This summer, Salus will break ground on an outdoor sensory garden environment that will be used as a teaching and clinical tool next summer.  
 
A sensory garden will add value to the teaching and learning environment for each of the seven programs within the University’s College of Education and Rehabilitation (CER) - including Blindness and Low Vision Studies, Speech-Language Pathology and Occupational Therapy – as well as provide strategic outreach for children and adults within the local community who have sensory deficits.SensoryGardenLayout.png
 
“Salus University is positioned well, both geographically and educationally, to develop a sensory garden to meet the needs of our students, staff, alumni, and community,” interim CER dean, Barbara Schwartz-Bechet, MS, EdD, said. “As the Salus University mission dictates, ‘Advancing integrated healthcare through innovative education, research and clinical services,’ it is the innovation of developing an additional opportunity for learning and providing services to and within the populations of clients whom our students serve.” 
 
According to Dr. Schwartz-Bechet, as a combination of the different experiences that define a sensory garden, the space will “include areas that are passive places and calming spaces, while others will be designed to stimulate activity or to be used within therapeutic or educational programs.”
 
In addition to hosting classes, students in each of the programs would utilize the garden in a variety of ways,  including education and recreation to elements linking with each program’s curriculum or being utilized in a more informal learning setting in addition to social and relaxation opportunities. Individual seating areas will also be provided for a variety of users as well as an area(s) for small groups.

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Students in the Blindness and Low Vision Program would use the garden to:
  • Learn how to incorporate horticultural aspects of the sensory garden in teaching about food; i.e., where it comes from, how to harvest plants, tactile/texture exploration and differentiation of plants.
  • Focus on sensory development, such as identifying the smells and sounds around them as well as the texture of the terrain beneath their feet.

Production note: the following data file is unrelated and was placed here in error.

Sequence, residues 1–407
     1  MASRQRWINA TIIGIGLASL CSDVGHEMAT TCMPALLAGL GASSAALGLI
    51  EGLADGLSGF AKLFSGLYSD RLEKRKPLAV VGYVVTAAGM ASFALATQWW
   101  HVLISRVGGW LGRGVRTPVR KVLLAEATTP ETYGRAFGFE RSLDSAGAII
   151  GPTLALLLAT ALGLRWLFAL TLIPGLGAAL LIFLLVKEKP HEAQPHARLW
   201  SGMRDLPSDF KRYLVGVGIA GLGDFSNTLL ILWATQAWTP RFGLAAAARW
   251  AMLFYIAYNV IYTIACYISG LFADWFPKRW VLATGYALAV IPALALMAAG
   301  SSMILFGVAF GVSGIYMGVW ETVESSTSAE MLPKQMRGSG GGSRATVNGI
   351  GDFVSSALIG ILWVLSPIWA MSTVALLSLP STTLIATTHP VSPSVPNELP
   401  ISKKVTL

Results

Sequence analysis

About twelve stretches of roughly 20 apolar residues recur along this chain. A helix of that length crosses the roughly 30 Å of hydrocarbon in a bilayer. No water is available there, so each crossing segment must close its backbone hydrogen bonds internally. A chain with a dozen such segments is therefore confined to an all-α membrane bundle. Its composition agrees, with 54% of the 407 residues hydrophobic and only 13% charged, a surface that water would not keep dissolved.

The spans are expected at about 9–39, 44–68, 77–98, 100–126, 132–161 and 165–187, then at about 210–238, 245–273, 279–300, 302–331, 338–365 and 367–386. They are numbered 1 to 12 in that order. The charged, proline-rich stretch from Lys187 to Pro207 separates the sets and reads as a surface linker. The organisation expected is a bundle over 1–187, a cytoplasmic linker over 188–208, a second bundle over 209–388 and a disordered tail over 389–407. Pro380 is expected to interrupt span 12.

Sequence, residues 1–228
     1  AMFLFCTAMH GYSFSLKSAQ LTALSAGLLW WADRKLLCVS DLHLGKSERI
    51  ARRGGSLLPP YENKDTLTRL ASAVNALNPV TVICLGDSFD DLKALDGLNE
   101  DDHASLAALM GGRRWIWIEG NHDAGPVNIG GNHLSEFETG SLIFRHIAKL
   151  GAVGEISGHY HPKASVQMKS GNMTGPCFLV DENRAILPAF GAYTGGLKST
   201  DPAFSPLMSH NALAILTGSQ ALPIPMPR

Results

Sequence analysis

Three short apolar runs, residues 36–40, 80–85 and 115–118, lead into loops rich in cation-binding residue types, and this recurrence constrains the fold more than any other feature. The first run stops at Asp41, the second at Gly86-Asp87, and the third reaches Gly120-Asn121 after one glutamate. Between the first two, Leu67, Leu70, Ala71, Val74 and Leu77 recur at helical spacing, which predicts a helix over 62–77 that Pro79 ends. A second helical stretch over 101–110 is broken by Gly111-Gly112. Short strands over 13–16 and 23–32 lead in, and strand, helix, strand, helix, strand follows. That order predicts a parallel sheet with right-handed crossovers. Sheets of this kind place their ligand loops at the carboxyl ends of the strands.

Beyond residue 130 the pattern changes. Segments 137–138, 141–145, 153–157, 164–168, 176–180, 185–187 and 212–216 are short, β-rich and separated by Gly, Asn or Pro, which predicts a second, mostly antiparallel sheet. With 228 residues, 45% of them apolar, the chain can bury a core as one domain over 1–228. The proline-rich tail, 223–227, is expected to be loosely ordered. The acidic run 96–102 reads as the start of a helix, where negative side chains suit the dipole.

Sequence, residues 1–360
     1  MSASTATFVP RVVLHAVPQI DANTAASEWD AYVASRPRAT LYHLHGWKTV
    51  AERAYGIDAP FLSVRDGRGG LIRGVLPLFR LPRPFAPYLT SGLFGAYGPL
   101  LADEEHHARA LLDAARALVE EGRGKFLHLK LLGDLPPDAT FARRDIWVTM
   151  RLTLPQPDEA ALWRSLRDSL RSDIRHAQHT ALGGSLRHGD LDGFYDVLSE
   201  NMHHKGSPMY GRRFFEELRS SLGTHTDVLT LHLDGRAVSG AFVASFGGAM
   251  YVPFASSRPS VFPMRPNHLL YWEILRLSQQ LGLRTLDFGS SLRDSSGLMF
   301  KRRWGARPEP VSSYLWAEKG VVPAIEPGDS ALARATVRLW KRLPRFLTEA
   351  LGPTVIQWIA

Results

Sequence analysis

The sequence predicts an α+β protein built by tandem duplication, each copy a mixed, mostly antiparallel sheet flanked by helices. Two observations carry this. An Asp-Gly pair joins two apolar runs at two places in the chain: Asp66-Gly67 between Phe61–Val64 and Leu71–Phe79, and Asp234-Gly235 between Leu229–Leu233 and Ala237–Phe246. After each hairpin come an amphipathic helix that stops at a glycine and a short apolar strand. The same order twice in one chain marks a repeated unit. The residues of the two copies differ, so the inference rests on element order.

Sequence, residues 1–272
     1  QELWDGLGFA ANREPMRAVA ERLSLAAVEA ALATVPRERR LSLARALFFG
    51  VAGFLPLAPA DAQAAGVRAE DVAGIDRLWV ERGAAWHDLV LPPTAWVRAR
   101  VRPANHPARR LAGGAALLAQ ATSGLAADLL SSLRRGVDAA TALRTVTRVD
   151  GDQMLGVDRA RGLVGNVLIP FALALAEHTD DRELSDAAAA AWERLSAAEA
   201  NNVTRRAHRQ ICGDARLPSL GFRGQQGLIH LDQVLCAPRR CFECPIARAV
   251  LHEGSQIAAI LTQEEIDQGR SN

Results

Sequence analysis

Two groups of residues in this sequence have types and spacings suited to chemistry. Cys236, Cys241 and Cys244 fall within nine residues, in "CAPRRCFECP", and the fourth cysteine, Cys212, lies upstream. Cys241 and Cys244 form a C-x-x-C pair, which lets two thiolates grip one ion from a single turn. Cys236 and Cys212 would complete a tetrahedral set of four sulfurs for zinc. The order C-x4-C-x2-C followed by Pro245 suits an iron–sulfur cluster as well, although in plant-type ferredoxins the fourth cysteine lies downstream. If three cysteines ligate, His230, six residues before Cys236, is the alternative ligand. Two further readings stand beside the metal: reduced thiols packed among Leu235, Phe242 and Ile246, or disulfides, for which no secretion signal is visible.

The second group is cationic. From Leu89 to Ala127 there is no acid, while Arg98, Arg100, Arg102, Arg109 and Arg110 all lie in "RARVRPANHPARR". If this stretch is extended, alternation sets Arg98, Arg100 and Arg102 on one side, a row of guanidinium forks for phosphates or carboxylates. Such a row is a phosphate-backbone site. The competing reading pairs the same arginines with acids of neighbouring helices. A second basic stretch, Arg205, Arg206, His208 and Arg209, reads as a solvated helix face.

• Learn how to apply visual efficiency skills in order to scan and navigate one’s environment is essential and would be enhanced through a sensory garden.
  • Learn to teach independent living skills of harvesting food and caring for plants though vision simulation that mimics the vision deficiencies of future clients. 

Students in the Speech Language Pathology program would use the garden to:
  • Learn with their clients/patients with respect to pronunciation and pragmatics of speech in a natural, low-stress environment.
  • Host Autism and Aphasia support groups, among other support groups, in the sensory garden to discuss ways clients can have “non-clinical” experiences that improve mood and communication skills.  

Students in the Master of Occupational Therapy program would use the garden to:
  • Consider how pediatric, adult and geriatric clients with a range of abilities and disabilities could use adaptive mobility devices in the environment.
  • Discuss and identify working occupations and adaptations for outdoor occupations for clients 
In early fall, plantings included Ivory Silk Tree Lilac, Butterfly Bush, Fountain Grass, Bevan's Variety Geranium, Japanese Plum Yew, Lavender, Chokeberry, Elderberry, Highbush Blueberry, Purple Coneflower, Black Eyed Susan and Shasta Daisy, Judd Viburnum, Bee Balm, Switchgrass, Hosta Guacamole, Little Bluestem, Summersweet, Catmint, and River Birch.
 
We invite you to help Salus create the Sensory Garden.  Every dollar you give will be matched by a dollar from Salus up to $25,000. Please consider joining us and donate using the form below.
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